Helmy Rachman

Max Planck Institute for Infection Biology, Berlín, Berlin, Germany

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Publications (5)16.31 Total impact

  • Helmy Rachman · Stefan H.E. Kaufmann
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    ABSTRACT: Tuberculosis (TB) remains a serious threat to humankind, and humans have encountered the causative agent of TB, Mycobacterium tuberculosis (MTB), for more than 10,000 years. Despite rapid advances in technology, efforts to besiege this robust pathogen seem to fail. The availability of genome sequences of several MTB complex strains open a new era of MTB research, the functional genomics, which will provide guidelines for novel control measures. In recent years, a series of methods have been developed to explore the mechanisms employed by MTB to persist and cause disease in the host. DNA array technology enables us to perform comparative genomics of different MTB strains and to examine the gene expression profiles of MTB growing under diverse living conditions. The generated transcriptome data can be exploited for design of new drugs, especially against multidrug-resistant (MDR) strains, development of more efficient vaccines, and identification of biomarkers for better diagnosis.
    No preview · Article · Dec 2007 · International Journal of Medical Microbiology
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    ABSTRACT: DNA microarray technology has been increasingly applied for studies of clinical samples. Frequently, RNA probes from clinical samples are available in limited amounts. We describe a reliable amplification method for bacterial RNA. We verified this method on mycobacterial RNA applying mycobacterial genome-directed primers (mtGDPs). Glass slide-based oligoarrays were employed to assess the quality of the amplification method. We observed a relatively small bias in amplified RNA pool when compared to the unamplified one. Up to 1000-fold linear RNA amplification in a single amplification round was obtained. To our knowledge, this study describes the first amplification method for mycobacterial RNA.
    Full-text · Article · Nov 2006 · Journal of Biotechnology
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    ABSTRACT: As one of the world's most successful intracellular pathogens, Mycobacterium tuberculosis, the causative agent of human tuberculosis, is responsible for two to three million deaths annually. The pathogenicity of M. tuberculosis relies on its ability to survive and persist within host macrophage cells during infection. It is of central importance, therefore, to identify genes and pathways that are involved in the survival and persistence of M. tuberculosis within these cells. Utilizing genome-wide DNA arrays we have identified M. tuberculosis genes that are specifically induced during macrophage infection. To better understand the cellular context of these differentially expressed genes, we have also combined our array analyses with computational methods of protein network identification. Our combined approach reveals certain signatures of M. tuberculosis residing within macrophage cells, including the induction of genes involved in DNA damage repair, fatty acid degradation, iron metabolism, and cell wall metabolism.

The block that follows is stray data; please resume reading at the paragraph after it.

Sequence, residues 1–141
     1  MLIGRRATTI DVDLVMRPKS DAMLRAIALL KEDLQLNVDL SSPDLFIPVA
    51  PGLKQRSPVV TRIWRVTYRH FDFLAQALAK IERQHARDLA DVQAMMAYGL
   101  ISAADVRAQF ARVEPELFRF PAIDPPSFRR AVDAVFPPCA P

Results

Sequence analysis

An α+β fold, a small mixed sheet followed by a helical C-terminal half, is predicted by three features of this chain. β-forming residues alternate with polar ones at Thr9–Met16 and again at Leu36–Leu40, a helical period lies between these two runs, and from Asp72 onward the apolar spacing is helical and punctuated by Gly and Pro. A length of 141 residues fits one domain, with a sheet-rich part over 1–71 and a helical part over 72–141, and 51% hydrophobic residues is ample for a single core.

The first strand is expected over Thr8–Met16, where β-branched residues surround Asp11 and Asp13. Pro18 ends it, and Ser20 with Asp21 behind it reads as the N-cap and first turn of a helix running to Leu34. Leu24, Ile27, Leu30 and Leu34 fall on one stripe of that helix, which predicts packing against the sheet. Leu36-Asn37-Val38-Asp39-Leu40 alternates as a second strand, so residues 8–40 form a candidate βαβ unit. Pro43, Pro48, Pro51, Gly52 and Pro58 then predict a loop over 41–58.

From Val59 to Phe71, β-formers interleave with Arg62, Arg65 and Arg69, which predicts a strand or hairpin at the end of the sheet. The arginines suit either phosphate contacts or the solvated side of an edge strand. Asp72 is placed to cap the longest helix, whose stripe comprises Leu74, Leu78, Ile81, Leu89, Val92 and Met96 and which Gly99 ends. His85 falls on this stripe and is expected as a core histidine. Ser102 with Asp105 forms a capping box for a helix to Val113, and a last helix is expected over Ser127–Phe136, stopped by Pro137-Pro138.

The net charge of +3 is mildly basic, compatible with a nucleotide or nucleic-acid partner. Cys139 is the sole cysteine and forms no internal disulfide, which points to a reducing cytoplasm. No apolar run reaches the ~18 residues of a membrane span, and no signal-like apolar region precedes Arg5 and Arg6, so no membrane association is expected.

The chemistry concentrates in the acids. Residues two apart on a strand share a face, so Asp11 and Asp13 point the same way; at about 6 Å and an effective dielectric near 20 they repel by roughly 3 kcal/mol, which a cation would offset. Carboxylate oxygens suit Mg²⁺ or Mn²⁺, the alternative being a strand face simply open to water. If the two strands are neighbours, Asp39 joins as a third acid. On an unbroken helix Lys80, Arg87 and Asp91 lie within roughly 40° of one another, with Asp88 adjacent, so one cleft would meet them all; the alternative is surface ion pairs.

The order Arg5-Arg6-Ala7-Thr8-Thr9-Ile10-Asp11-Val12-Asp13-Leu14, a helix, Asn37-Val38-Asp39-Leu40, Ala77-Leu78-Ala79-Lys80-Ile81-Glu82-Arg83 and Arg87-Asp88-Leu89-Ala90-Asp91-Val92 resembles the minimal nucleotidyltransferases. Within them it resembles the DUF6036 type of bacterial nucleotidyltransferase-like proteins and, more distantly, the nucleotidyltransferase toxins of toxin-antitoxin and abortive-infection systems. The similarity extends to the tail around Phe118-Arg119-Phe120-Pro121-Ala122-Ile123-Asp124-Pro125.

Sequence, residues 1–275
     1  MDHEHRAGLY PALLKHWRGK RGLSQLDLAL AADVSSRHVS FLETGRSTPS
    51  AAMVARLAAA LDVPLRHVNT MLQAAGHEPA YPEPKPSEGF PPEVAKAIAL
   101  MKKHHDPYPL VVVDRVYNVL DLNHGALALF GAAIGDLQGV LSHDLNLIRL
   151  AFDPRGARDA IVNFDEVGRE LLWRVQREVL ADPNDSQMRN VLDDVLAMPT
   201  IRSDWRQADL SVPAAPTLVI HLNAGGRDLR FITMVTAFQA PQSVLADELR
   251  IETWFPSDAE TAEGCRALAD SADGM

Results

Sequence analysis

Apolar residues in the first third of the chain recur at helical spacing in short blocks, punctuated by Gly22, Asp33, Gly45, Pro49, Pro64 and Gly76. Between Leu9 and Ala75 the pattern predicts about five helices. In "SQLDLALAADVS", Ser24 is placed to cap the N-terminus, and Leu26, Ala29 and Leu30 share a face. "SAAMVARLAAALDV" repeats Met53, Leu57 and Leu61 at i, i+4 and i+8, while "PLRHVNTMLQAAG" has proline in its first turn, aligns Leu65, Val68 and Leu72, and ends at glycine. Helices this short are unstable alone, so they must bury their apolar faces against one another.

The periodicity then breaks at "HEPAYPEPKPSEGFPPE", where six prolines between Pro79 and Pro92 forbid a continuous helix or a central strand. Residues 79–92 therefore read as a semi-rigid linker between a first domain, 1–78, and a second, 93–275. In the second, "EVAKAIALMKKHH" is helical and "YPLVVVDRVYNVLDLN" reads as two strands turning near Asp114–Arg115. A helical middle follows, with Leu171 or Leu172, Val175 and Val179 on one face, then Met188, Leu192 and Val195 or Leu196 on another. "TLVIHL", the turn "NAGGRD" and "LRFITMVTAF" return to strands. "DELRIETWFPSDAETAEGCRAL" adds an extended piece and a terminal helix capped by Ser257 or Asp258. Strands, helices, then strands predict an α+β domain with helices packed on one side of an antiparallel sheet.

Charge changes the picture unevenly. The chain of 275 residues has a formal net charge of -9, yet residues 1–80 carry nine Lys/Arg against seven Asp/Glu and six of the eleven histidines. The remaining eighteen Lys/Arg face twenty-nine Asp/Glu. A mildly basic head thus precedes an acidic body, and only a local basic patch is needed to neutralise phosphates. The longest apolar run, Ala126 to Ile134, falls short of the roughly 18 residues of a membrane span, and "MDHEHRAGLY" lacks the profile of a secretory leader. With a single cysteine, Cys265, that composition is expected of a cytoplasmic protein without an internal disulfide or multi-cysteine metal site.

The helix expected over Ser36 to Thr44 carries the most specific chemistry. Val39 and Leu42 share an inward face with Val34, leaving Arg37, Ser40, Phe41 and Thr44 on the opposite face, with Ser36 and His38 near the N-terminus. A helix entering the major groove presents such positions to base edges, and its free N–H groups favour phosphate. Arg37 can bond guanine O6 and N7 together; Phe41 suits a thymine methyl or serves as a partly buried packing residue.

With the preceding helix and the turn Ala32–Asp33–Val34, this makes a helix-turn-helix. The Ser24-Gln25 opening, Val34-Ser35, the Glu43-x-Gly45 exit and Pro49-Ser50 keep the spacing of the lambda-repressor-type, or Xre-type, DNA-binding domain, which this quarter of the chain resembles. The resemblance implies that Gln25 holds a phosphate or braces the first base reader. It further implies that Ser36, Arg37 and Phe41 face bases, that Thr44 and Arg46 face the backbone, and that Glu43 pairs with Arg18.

Full-text · Article · Apr 2006 · Microbes and Infection
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    ABSTRACT: Although tuberculosis remains a substantial global threat, the mechanisms that enable mycobacterial persistence and replication within the human host are ill defined. This study represents the first genome-wide expression analysis of Mycobacterium tuberculosis from clinical lung samples, which has enabled the identification of M. tuberculosis genes actively expressed during pulmonary tuberculosis. To obtain optimal information from our DNA array analyses, we analyzed the differentially expressed genes within the context of computationally inferred protein networks. Protein networks were constructed using functional linkages established by the Rosetta stone, phylogenetic profile, conserved gene neighbor, and operon computational methods. This combined approach revealed that during pulmonary tuberculosis, M. tuberculosis actively transcribes a number of genes involved in active fortification and evasion from host defense systems. These genes may provide targets for novel intervention strategies.
    Full-text · Article · Mar 2006 · Infection and Immunity
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    ABSTRACT: Apoptosis and activation of macrophages play an important role in the host response to mycobacterial infection involving TNF-alpha as a critical autocrine mediator. The underlying mechanisms are still ill-defined. Here, we demonstrate elevated levels of methylglyoxal (MG), a small and reactive molecule that is usually a physiological product of various metabolic pathways, and advanced glycation end products (AGE) during mycobacterial infection of macrophages, leading to apoptosis and activation of macrophages. Moreover, we demonstrate abundant AGE in pulmonary lesions of tuberculosis (TB) patients. Global gene expression profiling of MG-treated macrophages revealed a diverse spectrum of functions induced by MG, including apoptosis and immune response. Our results not only provide first evidence for the involvement of MG and AGE in TB, but also form a basis for novel intervention strategies against infectious diseases in which MG and AGE play critical roles.
    Full-text · Article · Feb 2006 · PLoS ONE

Publication Stats

267 Citations
16.31 Total Impact Points


  • 2006-2007
    • Max Planck Institute for Infection Biology
      • Department of Immunology
      Berlín, Berlin, Germany
    • Howard Hughes Medical Institute
      Ashburn, Virginia, United States